|Title of host publication||Women's Periodicals and Print Culture in Britain, 1940s-2000s|
|Subtitle of host publication||The Postwar and Contemporary Period|
|Place of Publication||Edinburgh|
|Publisher||Edinburgh University Press|
|Publication status||Accepted/In press - Oct 2020|
Research output: Chapter in Book/Report/Conference proceeding › Chapter
As Angela McRobbie remarks in her pioneering work on youth cultures, Just Seventeen’s signal abandonment of ‘silly’ photostories represented its rejection of the ‘romantic individualism’ promoted by earlier magazines like Jackie (1964-1993) and instead set the tone for a fresh generation of ‘sassy’ girls’ magazines, including Mizz (1985-2012) and More! (1988-2013), that responded directly to ‘a new climate of confidence and self-esteem among their potential readers’ (164). In the only academic article to explore the rich contribution made by Just Seventeen to the media landscape of the 1980s, Janice Winship usefully identifies the magazine’s indebtedness to ‘the women’s movement and organised feminism’, while also acknowledging the writers’ studious avoidance of ‘the label of feminism’ (42, 37). Winship thus discerns in Just Seventeen a feminism ‘that dare not speak its name’, presciently evoking the ur-critique of postfeminist culture that would later emerge in the 1990s.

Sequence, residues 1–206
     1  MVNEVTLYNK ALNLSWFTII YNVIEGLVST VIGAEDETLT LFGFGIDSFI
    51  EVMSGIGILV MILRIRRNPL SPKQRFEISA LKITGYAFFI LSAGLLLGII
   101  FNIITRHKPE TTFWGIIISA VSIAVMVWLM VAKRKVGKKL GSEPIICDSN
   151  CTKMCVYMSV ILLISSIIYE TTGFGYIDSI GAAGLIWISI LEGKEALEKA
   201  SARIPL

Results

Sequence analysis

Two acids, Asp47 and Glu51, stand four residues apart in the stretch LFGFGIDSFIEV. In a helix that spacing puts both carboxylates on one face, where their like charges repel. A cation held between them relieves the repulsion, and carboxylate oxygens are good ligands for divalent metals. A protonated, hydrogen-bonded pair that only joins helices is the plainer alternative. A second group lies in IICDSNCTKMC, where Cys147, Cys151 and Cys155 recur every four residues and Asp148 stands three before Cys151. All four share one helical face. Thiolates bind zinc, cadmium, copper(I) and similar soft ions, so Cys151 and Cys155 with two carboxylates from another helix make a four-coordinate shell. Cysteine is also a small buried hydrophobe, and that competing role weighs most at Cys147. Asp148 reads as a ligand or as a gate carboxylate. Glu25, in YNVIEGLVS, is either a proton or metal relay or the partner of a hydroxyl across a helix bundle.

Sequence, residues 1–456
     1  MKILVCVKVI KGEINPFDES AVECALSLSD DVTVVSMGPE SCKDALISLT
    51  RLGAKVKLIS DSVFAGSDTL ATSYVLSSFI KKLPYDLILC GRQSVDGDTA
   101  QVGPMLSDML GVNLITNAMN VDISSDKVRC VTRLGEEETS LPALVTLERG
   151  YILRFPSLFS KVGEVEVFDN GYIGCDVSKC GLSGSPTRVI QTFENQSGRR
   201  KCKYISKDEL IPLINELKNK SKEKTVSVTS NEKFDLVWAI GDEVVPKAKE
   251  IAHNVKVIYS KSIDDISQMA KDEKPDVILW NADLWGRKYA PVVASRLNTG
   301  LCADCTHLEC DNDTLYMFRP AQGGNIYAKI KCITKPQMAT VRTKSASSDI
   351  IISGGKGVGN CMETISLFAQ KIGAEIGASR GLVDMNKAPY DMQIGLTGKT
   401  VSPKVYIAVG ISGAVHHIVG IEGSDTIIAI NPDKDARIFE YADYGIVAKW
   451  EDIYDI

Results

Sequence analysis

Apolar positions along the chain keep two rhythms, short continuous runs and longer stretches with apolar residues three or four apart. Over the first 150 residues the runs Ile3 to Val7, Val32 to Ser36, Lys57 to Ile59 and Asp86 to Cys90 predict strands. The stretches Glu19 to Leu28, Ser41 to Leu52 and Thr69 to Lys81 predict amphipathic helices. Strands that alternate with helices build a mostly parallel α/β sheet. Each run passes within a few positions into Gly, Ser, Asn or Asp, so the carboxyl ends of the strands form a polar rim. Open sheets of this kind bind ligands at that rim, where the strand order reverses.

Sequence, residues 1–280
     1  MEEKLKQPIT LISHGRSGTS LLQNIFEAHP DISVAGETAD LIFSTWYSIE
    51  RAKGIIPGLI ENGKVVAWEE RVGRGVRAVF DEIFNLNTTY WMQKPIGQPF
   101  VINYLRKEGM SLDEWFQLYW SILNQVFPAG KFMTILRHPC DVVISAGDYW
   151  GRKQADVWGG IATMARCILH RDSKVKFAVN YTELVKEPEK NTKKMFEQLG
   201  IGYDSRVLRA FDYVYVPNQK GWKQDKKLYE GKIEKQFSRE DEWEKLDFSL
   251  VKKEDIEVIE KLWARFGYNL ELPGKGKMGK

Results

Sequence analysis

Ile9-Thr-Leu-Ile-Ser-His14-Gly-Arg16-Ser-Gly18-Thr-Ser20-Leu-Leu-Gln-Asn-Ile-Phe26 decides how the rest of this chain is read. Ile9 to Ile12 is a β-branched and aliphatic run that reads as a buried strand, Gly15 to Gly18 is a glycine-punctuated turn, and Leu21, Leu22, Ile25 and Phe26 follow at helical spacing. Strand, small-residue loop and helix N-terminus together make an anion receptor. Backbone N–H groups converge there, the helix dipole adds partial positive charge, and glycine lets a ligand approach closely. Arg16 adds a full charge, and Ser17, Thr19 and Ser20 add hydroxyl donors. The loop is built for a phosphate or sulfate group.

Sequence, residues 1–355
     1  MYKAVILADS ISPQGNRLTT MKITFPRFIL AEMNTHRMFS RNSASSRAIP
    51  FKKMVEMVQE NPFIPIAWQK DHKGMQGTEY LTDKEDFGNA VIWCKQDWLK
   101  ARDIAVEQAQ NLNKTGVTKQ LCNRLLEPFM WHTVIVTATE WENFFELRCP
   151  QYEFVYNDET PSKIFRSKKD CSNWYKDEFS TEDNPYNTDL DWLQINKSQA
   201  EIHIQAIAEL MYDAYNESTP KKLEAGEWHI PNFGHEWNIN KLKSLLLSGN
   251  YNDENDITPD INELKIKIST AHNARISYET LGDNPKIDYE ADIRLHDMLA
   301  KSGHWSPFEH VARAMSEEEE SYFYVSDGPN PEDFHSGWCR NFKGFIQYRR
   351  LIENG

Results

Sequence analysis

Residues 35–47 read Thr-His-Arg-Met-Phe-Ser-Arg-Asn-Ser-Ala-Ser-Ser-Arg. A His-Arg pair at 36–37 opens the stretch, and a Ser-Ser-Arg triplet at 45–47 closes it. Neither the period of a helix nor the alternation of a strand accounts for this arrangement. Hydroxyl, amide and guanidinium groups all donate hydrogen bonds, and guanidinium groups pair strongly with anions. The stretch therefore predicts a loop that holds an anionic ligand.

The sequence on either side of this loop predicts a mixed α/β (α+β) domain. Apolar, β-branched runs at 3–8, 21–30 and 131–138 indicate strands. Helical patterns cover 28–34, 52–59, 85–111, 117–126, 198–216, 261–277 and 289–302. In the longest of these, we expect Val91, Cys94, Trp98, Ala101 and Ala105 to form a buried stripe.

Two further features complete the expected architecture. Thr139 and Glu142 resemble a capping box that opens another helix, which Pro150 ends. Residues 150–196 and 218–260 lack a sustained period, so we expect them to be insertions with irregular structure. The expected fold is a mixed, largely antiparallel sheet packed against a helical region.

In this chapter I undertake a detailed analysis of how feminism is fashioned and refashioned between the covers of Just Seventeen and its market competitors. Focusing on issues from the first ten years of production (1983-1993), I examine Just Seventeen’s depictions of feminist ideas and actions – from its coverage of the Greenham Common campaign to the ‘safe sex’ messages carried in the advice pages – in order to illuminate the magazine’s complex and dynamic engagement with the changing politics of the 1980s and 90s. In doing so, I argue that the style and content of girls’ magazines in this period are not only shaped – as Winship argues – by the debates and discourses associated with the ‘women’s movement’, but also, more explicitly, by the tone and texture of feminist periodicals, including Spare Rib (1972-1993), which developed distinctive strategies for mediating ‘new politics through familiar forms’ (Fell 2).